US 5509428 A
A method and apparatus for the controlled inducement of tricuspid regurgitation for the purpose of treating congestive heart failure. The apparatus is comprised of a catheter onto which is affixed an expandable device. The catheter is percutaneously inserted into the patient's body, then moved within the central venous system until the end of the catheter traverses the tricuspid valve of the heart. The expandable device on the distal end of the catheter is then radially expanded to hold open the leaflets of the tricuspid valve. Tricuspid regurgitation, the backflow of blood from the right ventricle to the right atrium, then occurs. The intention of causing the regurgitation is to lower the pulmonary arterial pressure elevated as a result of congestive heart failure. Through careful monitoring of the patient's pulmonary arterial pressures and cardiac output, the degree of tricuspid regurgitation can be adjusted. The controls for the expansion of the catheter are outside of the body and in reach of the skilled physician.
1. A method of treating a patient's congestive heart failure, a condition resulting in elevation of the pulmonary arterial pressures, comprising:
selecting a catheter comprising an elongated hollow body onto which or through which is affixed a radially expandable device which can be controlled from outside the patient's body;
inserting the catheter into a patient's venous system;
advancing the catheter through the patient's venous system into a patient's heart area so as to position the radially expandable device of the catheter across a tricuspid valve;
radially expanding the radially expandable device of the catheter, through manipulation of controls located outside the patient's body, so that the catheter holds open leaflets of the tricuspid valve;
inducing tricuspid regurgitation by the holding open of said leaflets of the tricuspid valve;
monitoring the patient's pulmonary pressures and cardiac output;
adjusting, as desired, the degree of tricuspid regurgitation to affect improvement in a patient's condition; and
removing the catheter from the patient's body.
2. The method according to claim 1, wherein:
the step of radially expanding the radially expandable device of the catheter comprises expanding an expandable mesh cage.
3. The method according to claim 1, wherein:
the step of radially expanding the radially expandable device of the catheter comprises expanding an inflatable irregularly shaped balloon, which, when inflated, is adapted to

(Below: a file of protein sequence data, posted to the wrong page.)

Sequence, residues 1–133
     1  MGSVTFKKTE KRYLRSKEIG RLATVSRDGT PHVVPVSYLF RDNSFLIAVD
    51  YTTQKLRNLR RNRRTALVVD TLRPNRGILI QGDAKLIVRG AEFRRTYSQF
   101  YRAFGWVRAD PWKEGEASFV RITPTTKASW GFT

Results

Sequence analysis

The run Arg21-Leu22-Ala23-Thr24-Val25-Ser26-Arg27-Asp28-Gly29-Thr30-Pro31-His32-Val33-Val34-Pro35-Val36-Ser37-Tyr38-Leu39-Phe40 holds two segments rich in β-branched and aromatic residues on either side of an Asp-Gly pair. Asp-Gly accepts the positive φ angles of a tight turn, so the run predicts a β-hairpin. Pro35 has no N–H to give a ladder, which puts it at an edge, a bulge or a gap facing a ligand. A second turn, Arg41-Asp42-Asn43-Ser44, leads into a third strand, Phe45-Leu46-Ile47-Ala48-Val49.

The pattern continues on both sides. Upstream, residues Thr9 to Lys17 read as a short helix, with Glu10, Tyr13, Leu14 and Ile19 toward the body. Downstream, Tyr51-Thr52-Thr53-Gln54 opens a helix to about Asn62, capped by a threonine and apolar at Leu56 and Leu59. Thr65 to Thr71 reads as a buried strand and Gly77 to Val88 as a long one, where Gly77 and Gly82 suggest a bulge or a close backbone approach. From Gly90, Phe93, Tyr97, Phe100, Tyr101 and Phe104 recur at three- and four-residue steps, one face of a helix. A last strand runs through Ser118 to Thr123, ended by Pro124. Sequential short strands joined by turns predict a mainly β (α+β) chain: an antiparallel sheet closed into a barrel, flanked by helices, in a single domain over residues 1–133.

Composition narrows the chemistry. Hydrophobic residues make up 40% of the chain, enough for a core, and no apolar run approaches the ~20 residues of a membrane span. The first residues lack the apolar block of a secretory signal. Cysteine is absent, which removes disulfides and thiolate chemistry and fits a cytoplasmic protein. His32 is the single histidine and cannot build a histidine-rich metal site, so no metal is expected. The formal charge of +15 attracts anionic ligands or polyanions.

allow blood to reflux back past the balloon while the balloon holds open the leaflets of the tricuspid valve.
4. The method according to claim 1, wherein:
the step of radially expanding the radially expandable device comprises expanding an expandable coil.
The present invention relates to a method and catheter to be used in the creation of tricuspid regurgitation for the treatment of congestive heart failure.
Congestive Heart Failure (CHF) is a condition characterized by the inability of the heart to pump blood at a rate needed to maintain adequate blood flow throughout the body. CHF most commonly occurs as a result of ischemic heart disease, myocardial infarction, cardiomyopathy, or valvular disorders. In these conditions, the left ventricle (which pumps oxygenated blood to the body) can fail, while the right ventricle (which pumps deoxygenated blood to the lungs) continues to function normally. When this occurs, the pulmonary arterial pressures increase and fluid begins to exude from the pulmonary capillaries into the pulmonary interstitium and eventually into the alveoli, the tiny air sacs where gas exchange takes place. Fluid in the alveoli impedes gas exchange across the alveolar membranes, which then lowers the blood oxygenation. The resulting hypoxemia has a detrimental effect on the cardiac muscle, which requires large amounts of oxygenated blood to function normally, and results in an even more profound heart failure. This cycle, if left untreated, continues until the patient succumbs, in effect, drowning in his own pulmonary fluids.